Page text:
CAPITALISM, NEOLIBERALISM AND HOW THEY SCORE IN THE ERA OF UNFETTERED GLOBALIZATION AND FLAGRANT DISREGARD FOR HUMAN RIGHTS. (part 1 of 2)
Food for an unfettered yet flagrant thought
Human Rights Reader 297
-Social and economic climbing is so often accompanied by moral degradation. (C. Fuentes)
-We know, ten times over, that free markets stand for the primacy of shareholder value over long term social values, for investing in speculative assets over investing in real productive economic activity with all what this entails for an impact on ordinary people’s rights.
1. The global market is a sick patient suffering from unequal distribution and excessive liberalization. Its human rights (HR) consequences are far-reaching. It is thus urgently in need of restraining controls. Free markets are arenas of conflict in which actors with totally different bargaining powers interact; they invariably reflect the influence of the more powerful interests of duty bearers. The nature of claim holders-duty bearers power relations in free markets is crucial to understand who wins and who loses, precisely because markets keep the poor stuck in poverty traps.
2. The have-less of the world are simply tired of the top-down, undemocratic impositions of the international market that keeps-on promising that grand-solutions-are-about-to-descend-on-people (C. Geerling)
3. The worldwide programs implemented by market fundamentalists have, for several decades now, imposed severe constraints on the freedom of national governments to proactively intervene in their domestic economies. National governments are gratuitously expected to give-up on their responsibilities. There is no justification to imposing this on supposedly sovereign states. But market fundamentalism supports the view that nation states are outmoded and that their role will be progressively supplanted by supranational institutions. The policy autonomy for individual countries has actually been lost since the Bretton Woods summit in the 1940s. (The latter system and the free market system were then shaped by the United States and its richer allies in line with their very own priorities in mind). The Universal Declaration of Human Rights dates from around the same period –and look at what system got the upper hand… Capitalism subsequently moved to its imperialist and then to its neoliberal stage, a stage where we are now stuck.
So let us now look at Capitalism and Neoliberalism and how they score in the era of unfettered globalization and flagrant disregard of human rights.
For conservative capitalists, “A lutta continua” comes to mean “Looting continues”. (D. Sanders)
If Capitalism is a regime in which the legality imposed by the haves dominates man, is Socialism then a regime in which man dominates legality…?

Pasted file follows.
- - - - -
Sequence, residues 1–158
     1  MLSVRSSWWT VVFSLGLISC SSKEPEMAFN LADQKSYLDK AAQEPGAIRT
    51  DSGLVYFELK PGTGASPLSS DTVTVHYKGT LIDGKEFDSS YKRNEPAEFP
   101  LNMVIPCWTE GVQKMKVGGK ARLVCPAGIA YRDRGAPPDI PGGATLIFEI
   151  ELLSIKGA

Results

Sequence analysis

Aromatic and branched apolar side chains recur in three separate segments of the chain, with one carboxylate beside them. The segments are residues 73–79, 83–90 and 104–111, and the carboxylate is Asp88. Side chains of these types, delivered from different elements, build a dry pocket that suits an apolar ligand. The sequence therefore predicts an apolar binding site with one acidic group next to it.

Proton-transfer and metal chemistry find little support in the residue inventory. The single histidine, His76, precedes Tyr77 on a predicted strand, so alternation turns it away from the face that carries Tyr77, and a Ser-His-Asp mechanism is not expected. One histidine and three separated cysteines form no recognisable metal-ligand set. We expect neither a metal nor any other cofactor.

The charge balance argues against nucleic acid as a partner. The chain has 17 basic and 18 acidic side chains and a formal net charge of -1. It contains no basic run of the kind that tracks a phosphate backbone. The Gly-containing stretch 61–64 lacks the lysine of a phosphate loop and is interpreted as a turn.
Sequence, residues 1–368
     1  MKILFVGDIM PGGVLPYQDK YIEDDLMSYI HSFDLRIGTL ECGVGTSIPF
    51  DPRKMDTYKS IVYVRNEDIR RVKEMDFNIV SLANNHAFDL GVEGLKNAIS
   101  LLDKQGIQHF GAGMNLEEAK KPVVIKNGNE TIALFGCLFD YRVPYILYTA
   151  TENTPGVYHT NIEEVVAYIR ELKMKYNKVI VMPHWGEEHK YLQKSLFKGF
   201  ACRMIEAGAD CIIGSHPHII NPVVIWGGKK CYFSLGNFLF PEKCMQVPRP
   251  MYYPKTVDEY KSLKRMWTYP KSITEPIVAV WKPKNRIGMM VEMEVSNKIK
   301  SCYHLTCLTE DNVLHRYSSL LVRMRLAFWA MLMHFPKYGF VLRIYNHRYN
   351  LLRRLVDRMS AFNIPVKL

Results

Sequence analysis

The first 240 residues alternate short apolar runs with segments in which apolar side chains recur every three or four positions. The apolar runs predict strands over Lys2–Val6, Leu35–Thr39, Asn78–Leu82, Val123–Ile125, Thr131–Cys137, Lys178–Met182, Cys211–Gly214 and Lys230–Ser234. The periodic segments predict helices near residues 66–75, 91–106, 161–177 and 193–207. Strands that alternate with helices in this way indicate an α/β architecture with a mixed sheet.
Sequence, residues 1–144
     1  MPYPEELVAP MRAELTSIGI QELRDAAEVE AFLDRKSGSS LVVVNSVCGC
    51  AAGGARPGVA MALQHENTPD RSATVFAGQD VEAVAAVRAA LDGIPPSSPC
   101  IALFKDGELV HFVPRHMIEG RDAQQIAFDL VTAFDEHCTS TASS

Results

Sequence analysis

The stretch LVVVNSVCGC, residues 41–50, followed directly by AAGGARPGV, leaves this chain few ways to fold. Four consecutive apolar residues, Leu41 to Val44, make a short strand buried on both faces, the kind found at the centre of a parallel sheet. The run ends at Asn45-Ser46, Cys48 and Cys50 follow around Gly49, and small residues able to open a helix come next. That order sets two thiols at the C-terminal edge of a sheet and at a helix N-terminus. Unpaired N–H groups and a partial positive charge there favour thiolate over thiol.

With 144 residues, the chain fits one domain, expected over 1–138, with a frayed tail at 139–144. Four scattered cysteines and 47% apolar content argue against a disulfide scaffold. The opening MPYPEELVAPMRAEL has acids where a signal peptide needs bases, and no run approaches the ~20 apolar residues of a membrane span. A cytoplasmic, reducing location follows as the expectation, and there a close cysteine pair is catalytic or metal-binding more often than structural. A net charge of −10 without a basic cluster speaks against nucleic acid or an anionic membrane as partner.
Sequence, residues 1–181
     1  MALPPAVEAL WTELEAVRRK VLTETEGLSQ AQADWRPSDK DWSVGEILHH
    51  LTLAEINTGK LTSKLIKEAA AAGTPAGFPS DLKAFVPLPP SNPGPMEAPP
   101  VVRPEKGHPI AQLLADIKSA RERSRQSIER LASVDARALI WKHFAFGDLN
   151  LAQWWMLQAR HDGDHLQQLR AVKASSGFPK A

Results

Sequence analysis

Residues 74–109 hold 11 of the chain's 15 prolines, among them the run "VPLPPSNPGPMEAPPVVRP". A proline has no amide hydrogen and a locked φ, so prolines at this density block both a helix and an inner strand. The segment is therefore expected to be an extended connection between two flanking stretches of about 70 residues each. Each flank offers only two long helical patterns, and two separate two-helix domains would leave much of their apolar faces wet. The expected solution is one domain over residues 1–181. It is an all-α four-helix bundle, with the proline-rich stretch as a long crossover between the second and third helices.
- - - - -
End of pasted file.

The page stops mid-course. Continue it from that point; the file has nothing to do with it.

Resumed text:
4. I will let you respond to the question above. But what I am sure-of is that less democratic regimes have been and are good for the economic liberalization called for by market fundamentalism. We have been deadly wrong thinking that economic liberalization will eventually spark political liberalization! (This will disappoint those who believe that economic engagement with autocracies will eventually spark political change…).
5. Already early on, with the coming of Capitalism we witnessed the confrontation between the principles of its political economy and those of humans rights. This, since the engine of every capitalist economic process forces decision makers to sacrifice a good part of HR –like the right to employment and to a fair salary. This has too often lead to the exploitation of labor with substandard salaries being paid to perform skilled and unskilled jobs.
6. Furthermore, we all know that, among other:
- It is in the scintillating screens of the world bourses/stock exchanges where capitalist power now lies. (A. Gomez)
- Growth is a built-in necessity of Capitalism that forces itself upon us as a growth compulsion. Its lure is based on a distortion of our perceptions. We feel that our growth allows to satisfy our needs, at the same time that we fail to see that our growth compulsion leads us to the continuous multiplication of needs; to the general spreading of scarcity; to deepening inequalities and to the violation of HR. (So the first step is to face our growth compulsion, and start resisting it! We should instead focus on those aspects of social life that are disregarded or even negated and rendered invisible by market ideology). (H. Molenaar)